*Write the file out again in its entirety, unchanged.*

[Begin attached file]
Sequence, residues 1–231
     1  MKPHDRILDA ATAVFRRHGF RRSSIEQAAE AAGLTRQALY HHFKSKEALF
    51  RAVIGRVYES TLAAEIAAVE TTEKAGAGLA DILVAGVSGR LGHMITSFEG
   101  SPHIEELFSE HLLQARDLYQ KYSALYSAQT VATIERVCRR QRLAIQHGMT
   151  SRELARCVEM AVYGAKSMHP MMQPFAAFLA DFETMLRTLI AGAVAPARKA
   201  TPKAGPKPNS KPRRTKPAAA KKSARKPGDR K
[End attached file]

Sequence, residues 1–231
     1  MKPHDRILDA ATAVFRRHGF RRSSIEQAAE AAGLTRQALY HHFKSKEALF
    51  RAVIGRVYES TLAAEIAAVE TTEKAGAGLA DILVAGVSGR LGHMITSFEG
   101  SPHIEELFSE HLLQARDLYQ KYSALYSAQT VATIERVCRR QRLAIQHGMT
   151  SRELARCVEM AVYGAKSMHP MMQPFAAFLA DFETMLRTLI AGAVAPARKA
   201  TPKAGPKPNS KPRRTKPAAA KKSARKPGDR K